Most fire chiefs are at least aware of the need for better, more modern communication tools. The legacy channels typically utilized by fire departments tend to be highly inefficient, requiring a significant investiture of time and effort for even brief updates. They are often impersonal, widening the gulf between leadership and volunteers.
There’s also the issue of efficiency. With the exception of radio, legacy departmental systems are incredibly time-consuming. As a result, many fire departments end up leveraging an array of different platforms, from SMS to messaging software to platforms like Zoom.
The security issues of consumer messaging apps aside, this unnecessary complexity creates a range of communication problems, each of which can interfere with the effectiveness of a department’s emergency response process.
WhatsApp. Facebook Messenger. Zoom. Microsoft Teams. SMS messaging.
Simply put, there are too many different ways for modern workforces to communicate. The sheer volume of choice is both overwhelming and disruptive. In an ordinary workplace, this means low morale and lost productivity.
In fire & rescue, it can be a safety hazard.
Firefighters are under enough stress as it is. They don’t need the added pressure of having to maintain a presence on multiple apps just to keep in touch with their colleagues. They cannot afford to jump between different platforms just to stay connected to other members of their team.
A Disconnected Workforce
By its nature, the fire department is an environment that’s prone to the development of communication silos. A firefighter from one district is unlikely to ever even meet a firefighter from another. Even firefighters who work different shifts in the same fire hall are unlikely to communicate beyond the occasional greeting.
The lack of a shared communication platform only further contributes to this disconnect. Left unchecked, each team ends up with its own internal culture. Its own preferred communication platforms and tools.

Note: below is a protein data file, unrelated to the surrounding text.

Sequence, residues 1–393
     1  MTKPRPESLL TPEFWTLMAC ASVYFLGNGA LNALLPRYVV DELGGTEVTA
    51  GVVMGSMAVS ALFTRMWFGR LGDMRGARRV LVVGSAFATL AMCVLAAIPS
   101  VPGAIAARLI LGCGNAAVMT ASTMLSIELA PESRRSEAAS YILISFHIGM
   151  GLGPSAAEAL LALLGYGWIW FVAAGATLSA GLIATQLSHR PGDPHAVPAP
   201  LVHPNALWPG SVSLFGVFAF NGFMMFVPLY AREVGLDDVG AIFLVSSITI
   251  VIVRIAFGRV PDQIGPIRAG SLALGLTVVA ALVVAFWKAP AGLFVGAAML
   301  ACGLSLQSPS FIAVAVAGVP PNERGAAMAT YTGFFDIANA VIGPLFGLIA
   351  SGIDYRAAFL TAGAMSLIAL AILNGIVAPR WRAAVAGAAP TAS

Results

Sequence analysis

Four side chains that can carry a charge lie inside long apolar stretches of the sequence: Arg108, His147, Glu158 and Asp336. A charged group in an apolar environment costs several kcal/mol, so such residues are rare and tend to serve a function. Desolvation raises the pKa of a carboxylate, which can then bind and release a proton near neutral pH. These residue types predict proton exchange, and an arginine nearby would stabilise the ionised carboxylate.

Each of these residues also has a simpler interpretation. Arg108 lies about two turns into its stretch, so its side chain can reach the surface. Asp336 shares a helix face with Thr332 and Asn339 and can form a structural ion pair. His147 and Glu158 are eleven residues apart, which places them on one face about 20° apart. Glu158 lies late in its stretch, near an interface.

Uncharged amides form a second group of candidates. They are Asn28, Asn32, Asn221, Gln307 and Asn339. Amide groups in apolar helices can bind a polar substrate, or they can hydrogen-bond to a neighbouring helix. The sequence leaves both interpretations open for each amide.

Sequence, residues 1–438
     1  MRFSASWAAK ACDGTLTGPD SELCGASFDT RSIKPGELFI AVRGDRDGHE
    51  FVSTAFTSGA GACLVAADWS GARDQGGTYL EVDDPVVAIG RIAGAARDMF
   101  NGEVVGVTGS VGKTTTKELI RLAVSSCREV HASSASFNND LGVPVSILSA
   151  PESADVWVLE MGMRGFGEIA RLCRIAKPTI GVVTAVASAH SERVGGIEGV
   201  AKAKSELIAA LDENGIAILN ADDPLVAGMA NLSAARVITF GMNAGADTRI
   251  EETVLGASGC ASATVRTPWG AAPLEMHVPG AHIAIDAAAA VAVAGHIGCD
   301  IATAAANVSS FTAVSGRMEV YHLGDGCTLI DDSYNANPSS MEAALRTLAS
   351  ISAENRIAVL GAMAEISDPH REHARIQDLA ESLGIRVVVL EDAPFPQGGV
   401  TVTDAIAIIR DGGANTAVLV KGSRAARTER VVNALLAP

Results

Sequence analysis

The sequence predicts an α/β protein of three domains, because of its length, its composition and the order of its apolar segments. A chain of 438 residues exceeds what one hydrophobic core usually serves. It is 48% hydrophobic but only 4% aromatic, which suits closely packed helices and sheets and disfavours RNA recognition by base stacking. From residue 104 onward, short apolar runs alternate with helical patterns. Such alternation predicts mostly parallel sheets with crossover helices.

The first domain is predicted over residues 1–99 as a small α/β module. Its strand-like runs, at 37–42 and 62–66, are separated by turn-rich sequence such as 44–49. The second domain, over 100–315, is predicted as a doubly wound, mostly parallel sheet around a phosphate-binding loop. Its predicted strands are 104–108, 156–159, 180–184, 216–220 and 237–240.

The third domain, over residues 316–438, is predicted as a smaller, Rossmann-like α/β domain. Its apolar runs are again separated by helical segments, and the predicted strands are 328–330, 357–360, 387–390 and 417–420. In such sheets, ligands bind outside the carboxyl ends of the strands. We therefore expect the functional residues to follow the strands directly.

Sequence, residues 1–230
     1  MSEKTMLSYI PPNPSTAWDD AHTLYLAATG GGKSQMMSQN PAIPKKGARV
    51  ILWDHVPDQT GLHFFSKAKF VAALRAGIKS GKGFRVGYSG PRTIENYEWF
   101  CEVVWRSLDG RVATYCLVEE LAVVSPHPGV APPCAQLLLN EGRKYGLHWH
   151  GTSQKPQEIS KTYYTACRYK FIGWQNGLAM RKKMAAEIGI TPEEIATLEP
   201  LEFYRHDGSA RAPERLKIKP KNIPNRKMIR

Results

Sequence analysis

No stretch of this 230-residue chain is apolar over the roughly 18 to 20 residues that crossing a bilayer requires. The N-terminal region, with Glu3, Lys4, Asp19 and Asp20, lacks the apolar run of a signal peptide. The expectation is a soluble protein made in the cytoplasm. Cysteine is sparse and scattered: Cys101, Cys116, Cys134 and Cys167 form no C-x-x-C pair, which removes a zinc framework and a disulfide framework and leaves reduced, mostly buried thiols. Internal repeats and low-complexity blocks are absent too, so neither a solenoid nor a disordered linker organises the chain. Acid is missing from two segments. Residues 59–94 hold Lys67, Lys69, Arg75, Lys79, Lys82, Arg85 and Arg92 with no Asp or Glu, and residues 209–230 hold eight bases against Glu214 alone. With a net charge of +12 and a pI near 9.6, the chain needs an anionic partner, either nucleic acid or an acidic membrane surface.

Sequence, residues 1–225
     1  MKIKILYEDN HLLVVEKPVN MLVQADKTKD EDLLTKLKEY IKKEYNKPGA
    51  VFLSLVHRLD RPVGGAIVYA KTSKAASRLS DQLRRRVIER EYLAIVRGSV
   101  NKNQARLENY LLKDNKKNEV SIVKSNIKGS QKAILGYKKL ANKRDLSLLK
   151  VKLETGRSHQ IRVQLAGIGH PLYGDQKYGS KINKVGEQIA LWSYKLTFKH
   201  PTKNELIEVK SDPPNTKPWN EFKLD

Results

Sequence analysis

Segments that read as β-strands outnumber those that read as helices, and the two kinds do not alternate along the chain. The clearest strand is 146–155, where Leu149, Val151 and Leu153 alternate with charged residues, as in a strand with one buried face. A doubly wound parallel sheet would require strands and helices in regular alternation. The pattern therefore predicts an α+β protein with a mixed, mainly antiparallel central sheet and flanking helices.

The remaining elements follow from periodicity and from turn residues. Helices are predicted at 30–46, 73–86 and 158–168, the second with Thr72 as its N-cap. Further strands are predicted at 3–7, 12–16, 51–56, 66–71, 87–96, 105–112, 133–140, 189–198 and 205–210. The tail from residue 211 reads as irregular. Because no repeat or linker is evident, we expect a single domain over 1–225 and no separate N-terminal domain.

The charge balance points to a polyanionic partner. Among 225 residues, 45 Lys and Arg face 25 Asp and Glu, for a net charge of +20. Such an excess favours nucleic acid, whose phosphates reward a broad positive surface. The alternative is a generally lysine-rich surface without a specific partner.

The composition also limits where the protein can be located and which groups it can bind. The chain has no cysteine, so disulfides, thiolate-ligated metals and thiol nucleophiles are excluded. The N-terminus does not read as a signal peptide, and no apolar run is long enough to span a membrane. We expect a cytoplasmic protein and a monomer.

This may not interfere with a department’s general day-to-day. However, what happens when volunteers from different teams have to work together? What happens when two firefighters who’ve never met outside of the occasional group training exercise have to rely on one another during a major crisis?
Without a unified internal culture, issues with coordination are almost certain — and in a sector where team cohesion is critical to team safety, this is not acceptable.
Communication overload isn’t just stressful. It’s also time-consuming. Let’s say, for example, a fire chief needs to reach out to multiple groups of firefighters.
In the absence of an internal framework, they have several options.
- Phone trees. The chief’s first choice is to either phone each firefighter themselves or to phone each battalion chief and have them get in touch with their teams. Either way, the process ends up costing both time and effort that could be better spent elsewhere, especially during an emergency.
- Email. Alternatively, the chief can send out a mass email to each station and team. Although this does take less time than leveraging a phone tree, there is no guarantee that people will receive or respond to the emails in a timely fashion. This makes the channel completely unsuitable for anything time-sensitive.
- Platform hopping. Last but not least, the chief can either maintain a presence on every single tool utilized by their fire teams or mandate that each assistant and battalion chief uses a shared platform through which leadership can communicate.
None of the above solutions are particularly effective. Either they’re too inefficient, too complicated, or have too many points of failure.
Efficiency. Safety. Effectiveness.
Whether during day-to-day operations or during an emergency response, fire staff at all levels need the ability to seamlessly and immediately connect with one another. Fire chiefs need to be able to quickly speak with multiple groups at a moment’s notice. Fire departments need a means of ensuring that different fire halls don’t end up falling into isolated communication silos.
Legacy communications infrastructure simply doesn’t allow for this functionality. But Unio does. Inspired by the unique needs of first responders, it’s built to simplify communication within fire & rescue.
It does this in several ways:
- Empower firefighters to communicate their way. Unio supports rich messaging, group chats, on-the-go file sharing, and both voice and video calls. Personnel can intuitively communicate in whatever fashion is best-suited for their current situation.
- No more complexity. With Unio, everything is in one place, from departmental announcements to priority messages. There’s no longer any need to platform hop or play the guessing game — everyone’s using the same platform.
- Know who’s who. With Unio’s dedicated groups feature, it’s easy to tell what division and team each firefighter belongs to. This allows leadership to effortlessly convey targeted messages the moment they need to be sent.
Efficiency is the foundation of an effective emergency response. Communication is a core driver of efficiency. From top to bottom, fire personnel must be able to connect with one another at a moment’s notice, no matter the situation.
Because in an emergency, every second counts.